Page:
Adopting a New Idea
The holidays are a good time to take in a stranger
A child bursts out of bed Christmas morning, ecstatic to find an adorable kitten wearing a red bow and curled up in a ball under the tree.
This is the scene I have imagined for more than a year as my husband and I have discussed and debated when the right time is to adopt a pet for our animal-loving daughter.
It’s a big decision. We’re talking about a whole new member of the family who needs to be loved, fed and cleaned up after. The mom in me dreams about the fun she’ll have with a new buddy. The obsessive in me worries about the cat hair and litter box.
One thing that was holding us back was the impression that animal groups discouraged pet adoptions during the holidays. The idea of a cute new pet can quickly become an unwelcome reality if you’re not ready to deal with the care, cost and wear and tear that come with a new pet.
But the latest advice from many shelters is that adopting for the holidays is OK. Studies show that pet return rates after the holidays are no higher than at other times of the year, said Denise Deisler, Jacksonville Humane Society’s executive director.
The key is to use the same adoption process whether it’s a holiday or not. That means good communication with the shelter about your expectations and lifestyle so that you get the right pet for you.
“There’s something extra special about bringing home a new family member during the holidays,” Deisler said. Plus, people tend to have time off work and children are home from school, so there’s more time to bond with a pet.
At the Home for the Holidays Pet Adoption Event, between 1,100 and 1,200 dogs and cats will be available from more than a dozen Northeast Florida agencies. Each will be spayed or neutered, inoculated and treated for fleas, ticks and parasites. Each pet will also be implanted with a microchip or will come with a gift certificate to have it microchipped.
Adoptions from Jacksonville Humane Society, Jacksonville Animal Care & Protective Services and First Coast No More Homeless Pets will cost just $20, a deep discount from their usual fees, although donations will be accepted as well. The other groups might have different fees for their pets.
You will have the opportunity to spend some time with the animals and talk to a counselor who will ask you some questions:
• What describes your ideal pet — calm and snuggly or energetic and rambunctious?
• Are you home during the day?
• Do you work long hours?
• Does your social life take you away from home often?
• Do you have other pets at home?
All the questions are meant to help you select a pet that’s right for you so that you can take one home that day.
Around 6,000 people are expected to attend the event, with a goal of at least 850 adoptions. The Mega Adoption Event in July brought more than 10,000 people and 946 adoptions.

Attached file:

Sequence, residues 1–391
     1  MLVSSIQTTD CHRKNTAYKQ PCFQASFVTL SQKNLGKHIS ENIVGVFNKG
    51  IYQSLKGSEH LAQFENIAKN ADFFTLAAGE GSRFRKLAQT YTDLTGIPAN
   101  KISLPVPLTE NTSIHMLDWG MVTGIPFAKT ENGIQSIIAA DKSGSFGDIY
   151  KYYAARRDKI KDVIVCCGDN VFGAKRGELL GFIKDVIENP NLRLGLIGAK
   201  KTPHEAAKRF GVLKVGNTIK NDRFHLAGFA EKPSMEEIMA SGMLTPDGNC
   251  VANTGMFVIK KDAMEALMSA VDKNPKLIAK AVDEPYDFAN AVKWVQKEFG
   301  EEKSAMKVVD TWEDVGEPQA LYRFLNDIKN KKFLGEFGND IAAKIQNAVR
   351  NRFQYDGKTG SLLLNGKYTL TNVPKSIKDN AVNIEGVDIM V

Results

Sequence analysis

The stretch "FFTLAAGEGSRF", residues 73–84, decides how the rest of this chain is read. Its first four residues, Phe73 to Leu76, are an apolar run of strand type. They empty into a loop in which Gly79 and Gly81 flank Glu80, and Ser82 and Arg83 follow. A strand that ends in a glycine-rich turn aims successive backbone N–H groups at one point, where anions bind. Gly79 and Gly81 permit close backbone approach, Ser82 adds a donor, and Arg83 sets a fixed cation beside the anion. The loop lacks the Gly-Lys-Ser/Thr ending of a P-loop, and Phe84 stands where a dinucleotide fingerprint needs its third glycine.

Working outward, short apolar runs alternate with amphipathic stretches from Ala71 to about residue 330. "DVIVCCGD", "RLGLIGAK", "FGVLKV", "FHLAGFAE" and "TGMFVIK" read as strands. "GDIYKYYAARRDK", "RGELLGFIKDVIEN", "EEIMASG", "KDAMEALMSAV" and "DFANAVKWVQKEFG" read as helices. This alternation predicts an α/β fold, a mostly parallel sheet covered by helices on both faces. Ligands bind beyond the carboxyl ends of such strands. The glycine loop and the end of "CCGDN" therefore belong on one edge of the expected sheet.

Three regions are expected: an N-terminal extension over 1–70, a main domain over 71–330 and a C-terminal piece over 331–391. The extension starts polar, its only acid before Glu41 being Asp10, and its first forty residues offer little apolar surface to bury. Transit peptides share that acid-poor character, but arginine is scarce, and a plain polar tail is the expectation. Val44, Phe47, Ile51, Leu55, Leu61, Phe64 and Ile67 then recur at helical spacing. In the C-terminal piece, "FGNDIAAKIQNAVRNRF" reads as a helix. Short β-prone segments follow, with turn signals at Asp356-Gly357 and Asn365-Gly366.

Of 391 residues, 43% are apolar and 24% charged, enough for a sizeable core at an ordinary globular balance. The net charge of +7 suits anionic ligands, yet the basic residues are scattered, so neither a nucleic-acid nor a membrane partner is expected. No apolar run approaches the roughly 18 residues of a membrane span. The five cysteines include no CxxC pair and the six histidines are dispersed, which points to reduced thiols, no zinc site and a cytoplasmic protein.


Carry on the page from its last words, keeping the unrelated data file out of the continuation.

Events like these have helped promote the no-kill policy animal groups have been working toward. Through this work, the save rate (the number of pets adopted out of shelters) is better than 70 percent in Duval County. Deisler is confident they will get to 90 percent in the next year.
If all the area animal groups work together, it’s not unrealistic that in three years, Nassau, Clay and St. Johns could all be no-kill, said Rick DuCharme, founder and director of First Coast No More Homeless Pets. His group has helped lower pet euthanasia in Duval Country from 23,000 in 2003 to slightly more than 5,000 in the last year. A major factor in that change is the number of spay and neuter surgeries FCNMHP performs in its high-volume clinic: 25,000 in the last year.
If you’ve been planning to adopt a new pet — and you’ve done the research about the kind of animal that would be a good fit — then the holidays are a wonderful time to introduce a new family member. If it seems more like a last-minute or impulsive idea, remember to factor in the time, money (food, supplies, veterinary care) and adjustment for you and the pet.
If the pet is for a child, Deisler advised that parents must still be primarily responsible for its care. But it is a wonderful opportunity to teach responsibility to a child with parts of the pet’s care, such as feeding or exercise. And there are larger lessons such as how to be gentle, kind and thoughtful.
“What a great lesson for kids to rescue an animal, to do something generous and charitable,” Deisler said.
If you have doubts about the timing, buy a shelter gift certificate so that your family can pick out the right pet at the right time. Or you could create an adoption kit with all the supplies you’ll need for a pet. And you can still make a donation to your favorite shelter.
If the time is right for you to adopt a pet, this is a great opportunity to see a huge variety of cats and dogs in one place at one time.
DuCharme said that without adoption, the shelters remain full, eventually leading to the deaths of some homeless pets.
“If we don’t find homes,” DuCharme said, “they’re going to die.”